Tyson recalls tons of chicken strips for possible metal contamination

Tyson recalls tons of chicken strips for possible metal contaminationTyson Foods Inc is recalling about 69,000 pounds of frozen, ready-to-eat chicken strips that may be contaminated with metal, the U.S. Department of Agriculture said late on Thursday. The department's Food Safety and Inspection Service said https://bit.ly/2UPFfIC it had received two consumer complaints of extraneous material in Tyson's chicken strip products and that there were no reports of illnesses. Tyson, the top U.S. meat processor, is recalling its fully cooked buffalo-style chicken strips fritters, crispy chicken strips and chicken breast strip fritters with a before-use date of Nov. 30, 2019.



Engineering elections? U.S. top court examines electoral map manipulation

Engineering elections? U.S. top court examines electoral map manipulationThanks to partisan gerrymandering - a practice the Supreme Court will examine on Tuesday in two cases that could impact American politics for decades - that is no longer the case. A U.S. House of Representatives district that once covered heavily Democratic Greensboro was reconfigured in 2016, with the voters in the city of 290,000 people inserted into two other districts spanning rural areas with reliable Republican majorities. In adopting the electoral map, the legislature partitioned the campus of North Carolina A&T State University, the nation's largest historically black public college, into two separate districts.



Democrats push financial inclusion as 2020 election race heats up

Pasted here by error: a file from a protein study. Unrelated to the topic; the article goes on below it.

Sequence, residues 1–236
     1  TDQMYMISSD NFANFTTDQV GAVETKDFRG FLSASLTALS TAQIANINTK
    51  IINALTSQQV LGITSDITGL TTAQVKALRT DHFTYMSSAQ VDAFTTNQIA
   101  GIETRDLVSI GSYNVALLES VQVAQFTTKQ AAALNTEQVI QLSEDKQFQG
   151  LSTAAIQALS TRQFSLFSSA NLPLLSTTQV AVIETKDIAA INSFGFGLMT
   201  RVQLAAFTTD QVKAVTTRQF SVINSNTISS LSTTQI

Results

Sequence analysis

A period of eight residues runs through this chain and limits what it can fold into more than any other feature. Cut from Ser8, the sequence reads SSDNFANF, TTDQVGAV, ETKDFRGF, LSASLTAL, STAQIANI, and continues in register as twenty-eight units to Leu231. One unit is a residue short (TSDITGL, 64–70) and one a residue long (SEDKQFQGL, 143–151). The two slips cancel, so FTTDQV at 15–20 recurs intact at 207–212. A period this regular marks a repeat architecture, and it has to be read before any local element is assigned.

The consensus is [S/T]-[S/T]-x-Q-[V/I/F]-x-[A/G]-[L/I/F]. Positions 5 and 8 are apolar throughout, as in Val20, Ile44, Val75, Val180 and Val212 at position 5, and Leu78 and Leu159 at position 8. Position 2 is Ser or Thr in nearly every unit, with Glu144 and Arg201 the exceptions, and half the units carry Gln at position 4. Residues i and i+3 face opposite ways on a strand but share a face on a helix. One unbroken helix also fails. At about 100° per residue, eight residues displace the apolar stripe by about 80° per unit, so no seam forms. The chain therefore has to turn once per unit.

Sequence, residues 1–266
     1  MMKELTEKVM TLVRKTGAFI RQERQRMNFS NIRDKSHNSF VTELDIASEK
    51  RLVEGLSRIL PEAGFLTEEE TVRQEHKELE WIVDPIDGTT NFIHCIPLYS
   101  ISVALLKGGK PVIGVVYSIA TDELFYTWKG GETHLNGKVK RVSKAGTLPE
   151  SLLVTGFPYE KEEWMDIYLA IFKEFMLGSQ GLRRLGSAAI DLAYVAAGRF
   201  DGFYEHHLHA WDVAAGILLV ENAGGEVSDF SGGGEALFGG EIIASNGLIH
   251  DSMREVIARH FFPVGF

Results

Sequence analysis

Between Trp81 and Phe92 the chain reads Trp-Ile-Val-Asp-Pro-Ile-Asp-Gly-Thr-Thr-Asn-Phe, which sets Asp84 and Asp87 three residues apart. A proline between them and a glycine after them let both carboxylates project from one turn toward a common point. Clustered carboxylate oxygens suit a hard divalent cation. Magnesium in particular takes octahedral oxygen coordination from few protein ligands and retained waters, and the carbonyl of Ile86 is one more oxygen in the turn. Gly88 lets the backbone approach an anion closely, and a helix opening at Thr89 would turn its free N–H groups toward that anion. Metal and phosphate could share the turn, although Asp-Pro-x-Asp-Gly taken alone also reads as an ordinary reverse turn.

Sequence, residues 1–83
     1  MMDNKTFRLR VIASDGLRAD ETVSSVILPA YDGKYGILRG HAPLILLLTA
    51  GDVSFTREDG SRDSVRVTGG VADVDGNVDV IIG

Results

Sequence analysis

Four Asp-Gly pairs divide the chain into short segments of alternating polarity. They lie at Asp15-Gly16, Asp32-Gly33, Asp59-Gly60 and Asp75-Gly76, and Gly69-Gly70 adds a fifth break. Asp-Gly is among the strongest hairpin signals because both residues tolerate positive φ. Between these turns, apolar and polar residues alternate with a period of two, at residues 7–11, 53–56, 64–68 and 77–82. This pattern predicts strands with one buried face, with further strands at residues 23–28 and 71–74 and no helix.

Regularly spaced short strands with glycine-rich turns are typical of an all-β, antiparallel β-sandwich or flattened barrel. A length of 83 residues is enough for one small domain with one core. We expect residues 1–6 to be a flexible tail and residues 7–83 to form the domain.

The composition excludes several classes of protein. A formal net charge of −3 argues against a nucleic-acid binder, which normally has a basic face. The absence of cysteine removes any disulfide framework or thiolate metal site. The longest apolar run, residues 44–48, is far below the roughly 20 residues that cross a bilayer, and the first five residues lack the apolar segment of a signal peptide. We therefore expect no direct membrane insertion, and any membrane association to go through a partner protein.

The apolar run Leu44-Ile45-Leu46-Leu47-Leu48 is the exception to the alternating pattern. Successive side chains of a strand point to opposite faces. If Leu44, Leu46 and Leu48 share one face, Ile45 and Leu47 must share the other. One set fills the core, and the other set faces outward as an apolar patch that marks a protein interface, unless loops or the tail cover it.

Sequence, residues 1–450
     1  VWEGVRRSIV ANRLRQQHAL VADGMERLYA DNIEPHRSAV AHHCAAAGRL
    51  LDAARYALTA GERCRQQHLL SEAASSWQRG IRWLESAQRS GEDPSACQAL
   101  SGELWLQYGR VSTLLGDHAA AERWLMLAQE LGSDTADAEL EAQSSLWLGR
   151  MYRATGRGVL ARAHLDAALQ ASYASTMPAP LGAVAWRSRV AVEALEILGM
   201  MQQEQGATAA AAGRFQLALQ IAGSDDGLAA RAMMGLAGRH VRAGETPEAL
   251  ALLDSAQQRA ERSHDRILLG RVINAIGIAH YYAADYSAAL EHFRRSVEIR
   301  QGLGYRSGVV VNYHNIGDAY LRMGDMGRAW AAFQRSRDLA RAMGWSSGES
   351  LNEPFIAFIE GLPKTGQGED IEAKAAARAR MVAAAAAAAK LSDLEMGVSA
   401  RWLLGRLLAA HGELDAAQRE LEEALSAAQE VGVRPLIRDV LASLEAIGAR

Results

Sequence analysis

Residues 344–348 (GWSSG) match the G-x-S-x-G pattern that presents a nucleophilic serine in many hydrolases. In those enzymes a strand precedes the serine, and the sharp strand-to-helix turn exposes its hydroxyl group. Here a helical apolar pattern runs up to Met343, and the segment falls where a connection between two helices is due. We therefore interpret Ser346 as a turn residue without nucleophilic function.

Democrats push financial inclusion as 2020 election race heats upFollowing the 2008 financial crisis, many banks pulled back from their poorest customers. The shift has had lasting costs for millions of Americans now struggling to access mainstream financial services such as checking accounts and credit cards. The three Democrats, along with Senator Kirsten Gillibrand, have advocated for the U.S. Postal Service to provide banking services.



Climate change's fingerprints are on U.S. Midwest floods: scientists

Climate change's fingerprints are on U.S. Midwest floods: scientistsThe "bomb cyclone" that dumped rain on Nebraska, Iowa and Missouri and killed at least four people now threatens a wider region downstream of swollen rivers and smashed levees. "The atmosphere is pretty close to fully saturated, it's got all the water it can take," said Michael Wehner, a senior scientist at the Lawrence Berkeley National Laboratory. Big storms like the bomb cyclone and Hurricane Harvey, which smacked Houston in 2017 with record downpours, are where the impact of climate change can most clearly be seen, he said, adding that climate change's fingerprints were all over the recent storm.



Amid U.S. Midwest flooding, residents in Missouri, Kansas rush to fill sandbags

Amid U.S. Midwest flooding, residents in Missouri, Kansas rush to fill sandbagsFlooding of the Missouri River triggered by last week's so-called "bomb cyclone" storm has already inflicted damage estimated at nearly $1.5 billion in Nebraska, killed at least four people in Nebraska and Iowa and left a man missing below Nebraska's collapsed Spencer Dam. Missouri Governor Mike Parson declared a state of emergency for his state as high water forced evacuations of several small farm communities. Larger towns from St. Joseph to Kansas City braced for additional flooding forecast through the weekend.





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